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Lecture Comments (4)

1 answer

Last reply by: Professor Hovasapian
Tue Mar 1, 2016 1:44 AM

Post by RHS STUDENT on February 29 at 08:16:21 PM

Sir, from the two examples you have given to us, the voltage of the cell seems to be inversely proportional to the concentration of ion in either compartment. Is it because with less ion presence in the solution, less ion "move"to the other compartment to balance the charge in the other compartment?

1 answer

Last reply by: Professor Hovasapian
Fri Feb 26, 2016 3:28 AM

Post by Tammy T on February 21 at 12:53:57 AM

Hello professor Hovasapian,

-At27:55, would E*cell= +(RT/nF)lnK instead of = negative that whole expression?

-Also, I don't understand how at equilibrium, Ecell=0V but E standard cell E*cell does not equal 0V. Wouldn't E*cell the same galvanic cell as in Ecell but under standard condition?

Thank you for your lecture!

Tammy T

Cell Potential & Concentration

Lecture Slides are screen-captured images of important points in the lecture. Students can download and print out these lecture slide images to do practice problems as well as take notes while watching the lecture.

  • Intro 0:00
  • Cell Potential & Concentration 0:29
    • Example 1: Question
    • Example 1: Nernst Equation
    • Example 1: Solution
    • Cell Potential & Concentration
    • Example 2
    • Manipulating the Nernst Equation
    • Example 3

Transcription: Cell Potential & Concentration

Hello, and welcome back to; welcome back to AP Chemistry.0000

Today, we are going to continue our discussion of the relationship between cell potential and thermodynamics.0003

We are going to talk a little bit, though, about cell potential and concentration.0010

Let's start off with a little bit of a qualitative discussion--Le Chatelier's Principle--and then we will quantify it.0015

We will introduce a new equation--a very, very important equation in chemistry and physical chemistry and physics, called the Nernst Equation.0021

Let's just go ahead and get started here.0027

Let's just start with an example.0031

Example 1: For the following cell reaction--for the cell reaction which is: 2 aluminums, plus 3 manganese 2+ ions, going to 2 aluminum 3+ ions, plus 3 manganese ions--the standard cell potential for (let me write it a little bit--get a little bit more room here) the cell is equal to 0.48 volts.0036

OK, so under standard conditions: that is what this little circle on top means--so when you see that circle on top, you are talking about standard conditions.0079

What that means is that all of the ions are in 1 Molar concentration; any gases that are present--1 atmosphere pressure; temperature--25 degrees Celsius; so, standard conditions.0086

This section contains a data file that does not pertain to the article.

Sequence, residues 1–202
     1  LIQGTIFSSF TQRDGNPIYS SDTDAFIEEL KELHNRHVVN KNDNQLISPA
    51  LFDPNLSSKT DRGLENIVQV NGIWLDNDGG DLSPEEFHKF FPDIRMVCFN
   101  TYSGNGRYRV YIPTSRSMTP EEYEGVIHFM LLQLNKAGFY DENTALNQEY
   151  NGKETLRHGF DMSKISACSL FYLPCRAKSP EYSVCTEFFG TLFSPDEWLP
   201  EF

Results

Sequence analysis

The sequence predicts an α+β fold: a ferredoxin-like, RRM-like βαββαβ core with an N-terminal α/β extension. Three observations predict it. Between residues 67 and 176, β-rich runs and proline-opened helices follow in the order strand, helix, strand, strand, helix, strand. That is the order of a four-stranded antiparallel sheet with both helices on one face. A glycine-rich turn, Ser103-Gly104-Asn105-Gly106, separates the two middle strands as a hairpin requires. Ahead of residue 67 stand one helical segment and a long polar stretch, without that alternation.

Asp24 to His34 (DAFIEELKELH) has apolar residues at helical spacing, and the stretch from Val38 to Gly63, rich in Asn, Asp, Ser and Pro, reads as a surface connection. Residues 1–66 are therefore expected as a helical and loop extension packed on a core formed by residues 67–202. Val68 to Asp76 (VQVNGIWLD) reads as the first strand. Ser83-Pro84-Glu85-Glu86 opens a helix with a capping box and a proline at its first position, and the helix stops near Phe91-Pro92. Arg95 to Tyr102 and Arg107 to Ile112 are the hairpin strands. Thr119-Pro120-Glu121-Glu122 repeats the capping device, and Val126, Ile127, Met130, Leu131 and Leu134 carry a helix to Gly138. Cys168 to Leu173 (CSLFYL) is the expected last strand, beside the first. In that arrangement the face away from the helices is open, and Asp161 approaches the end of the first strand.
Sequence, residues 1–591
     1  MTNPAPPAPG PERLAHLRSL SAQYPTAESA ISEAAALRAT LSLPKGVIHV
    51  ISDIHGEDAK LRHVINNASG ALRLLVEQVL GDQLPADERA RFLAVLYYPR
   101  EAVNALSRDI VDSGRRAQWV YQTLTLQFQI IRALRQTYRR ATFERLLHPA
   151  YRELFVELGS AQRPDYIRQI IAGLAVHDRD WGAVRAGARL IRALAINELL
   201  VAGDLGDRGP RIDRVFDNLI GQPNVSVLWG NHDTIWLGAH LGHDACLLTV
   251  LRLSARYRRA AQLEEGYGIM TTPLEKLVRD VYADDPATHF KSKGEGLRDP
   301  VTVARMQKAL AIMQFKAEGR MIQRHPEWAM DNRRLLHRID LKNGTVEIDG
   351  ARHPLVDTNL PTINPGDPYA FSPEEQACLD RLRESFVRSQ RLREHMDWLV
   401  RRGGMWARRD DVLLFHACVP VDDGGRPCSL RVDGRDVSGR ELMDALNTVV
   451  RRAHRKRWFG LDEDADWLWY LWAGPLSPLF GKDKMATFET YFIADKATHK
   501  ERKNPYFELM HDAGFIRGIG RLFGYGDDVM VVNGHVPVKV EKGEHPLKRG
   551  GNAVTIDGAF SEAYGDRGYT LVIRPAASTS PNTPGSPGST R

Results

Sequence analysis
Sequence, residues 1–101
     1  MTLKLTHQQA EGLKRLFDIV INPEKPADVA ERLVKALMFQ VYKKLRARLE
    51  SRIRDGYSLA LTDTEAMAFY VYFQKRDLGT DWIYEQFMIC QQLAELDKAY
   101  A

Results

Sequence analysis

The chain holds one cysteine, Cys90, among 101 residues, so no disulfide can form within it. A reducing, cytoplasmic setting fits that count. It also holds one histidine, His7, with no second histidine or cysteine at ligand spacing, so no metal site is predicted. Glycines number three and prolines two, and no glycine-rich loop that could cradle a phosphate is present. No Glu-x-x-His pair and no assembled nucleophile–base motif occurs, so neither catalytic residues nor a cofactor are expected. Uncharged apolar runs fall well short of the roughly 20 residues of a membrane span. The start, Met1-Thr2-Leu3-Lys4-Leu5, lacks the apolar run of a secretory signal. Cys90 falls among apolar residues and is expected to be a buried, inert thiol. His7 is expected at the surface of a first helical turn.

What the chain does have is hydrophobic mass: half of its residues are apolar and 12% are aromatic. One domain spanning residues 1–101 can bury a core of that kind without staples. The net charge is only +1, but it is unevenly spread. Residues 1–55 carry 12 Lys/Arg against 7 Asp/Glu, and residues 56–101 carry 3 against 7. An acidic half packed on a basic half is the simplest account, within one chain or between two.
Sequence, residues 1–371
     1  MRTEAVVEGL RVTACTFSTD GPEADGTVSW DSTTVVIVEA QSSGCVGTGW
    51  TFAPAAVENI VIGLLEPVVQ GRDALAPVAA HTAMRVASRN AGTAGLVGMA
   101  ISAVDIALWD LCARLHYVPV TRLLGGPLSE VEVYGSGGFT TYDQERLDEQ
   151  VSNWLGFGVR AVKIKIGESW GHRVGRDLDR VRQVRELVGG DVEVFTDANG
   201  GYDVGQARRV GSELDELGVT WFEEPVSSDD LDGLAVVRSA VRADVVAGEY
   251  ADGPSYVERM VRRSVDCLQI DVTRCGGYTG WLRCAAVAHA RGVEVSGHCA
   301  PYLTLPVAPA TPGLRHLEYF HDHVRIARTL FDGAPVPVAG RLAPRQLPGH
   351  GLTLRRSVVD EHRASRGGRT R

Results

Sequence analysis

Well, what happens to the cell potential if, maybe, this is not 1 Molar, and this is not 1 Molar--if this is 10 Molar and this is 3 Molar?0100

What happens--does it reduce the cell potential (in other words, does it make it want to go that way), or does it increase the cell potential (does it make it more spontaneous as written)?0109

OK, so let's say: If...or actually, let's say: What happens to a cell when the conditions are as follows (in other words, nonstandard)?0119

What happens if the aluminum ion concentration is now set at 2.0 Molar (moles per liter), and the manganese ion concentration stays at 1.0 Molar?0154

OK, so again, this cell potential that we calculated is based on standard conditions (1 Molar concentration for each); but what happens if we actually arrange this in such a way, and in the anode compartment--the oxidation--we actually put 2 Molar aluminum ion, and leave the cathode compartment 1 Molar in the manganese ion concentration?0170

Is this going to drop the cell potential?--is it going to raise the cell potential?--what is it going to be?0199

Well, raising the cell potential means pushing the equation to the right; dropping the cell potential means moving the equation to the left; that is what it means in terms of cell potential.0204

Think of this sort of as an equilibrium constant kind of thing; it rises as you move to the right.0216

OK, well, Le Chatelier's Principle tells us immediately what is going to happen.0221

If I increase (this is sort of normal) the concentration of the aluminum ion concentration, the system is going to want to adjust in such a way to bring it back down.0226

In order to bring this back down, it has to shift the equilibrium to the left.0237

When it shifts the equilibrium to the left, it's going to drop the cell potential.0241

So, under these conditions, now the cell potential (and notice: we no longer have a little 0 on top of it--that little degree sign--because now it's no longer standard) will decrease.0245

This is our qualitative: we know from Le Chatelier's Principle that this is going to happen--it will decrease.0259

Now, we want to attach some numbers to it: how much is it going to decrease--is it going to go to .28? is it going to go to .36? is it going to go to negative? what is going to happen?0264

Or is it going to go to like .46, .45--is it going to be just a little bit of a drop?0274